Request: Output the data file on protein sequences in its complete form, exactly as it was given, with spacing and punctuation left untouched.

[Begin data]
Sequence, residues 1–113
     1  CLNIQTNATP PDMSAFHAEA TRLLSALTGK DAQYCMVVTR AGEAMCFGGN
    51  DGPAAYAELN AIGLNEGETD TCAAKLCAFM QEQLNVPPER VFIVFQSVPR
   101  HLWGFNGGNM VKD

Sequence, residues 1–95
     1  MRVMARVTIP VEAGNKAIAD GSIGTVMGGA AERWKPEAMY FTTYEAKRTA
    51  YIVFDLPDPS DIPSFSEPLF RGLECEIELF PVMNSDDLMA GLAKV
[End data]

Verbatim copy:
Sequence, residues 1–113
     1  CLNIQTNATP PDMSAFHAEA TRLLSALTGK DAQYCMVVTR AGEAMCFGGN
    51  DGPAAYAELN AIGLNEGETD TCAAKLCAFM QEQLNVPPER VFIVFQSVPR
   101  HLWGFNGGNM VKD

Sequence, residues 1–95
     1  MRVMARVTIP VEAGNKAIAD GSIGTVMGGA AERWKPEAMY FTTYEAKRTA
    51  YIVFDLPDPS DIPSFSEPLF RGLECEIELF PVMNSDDLMA GLAKV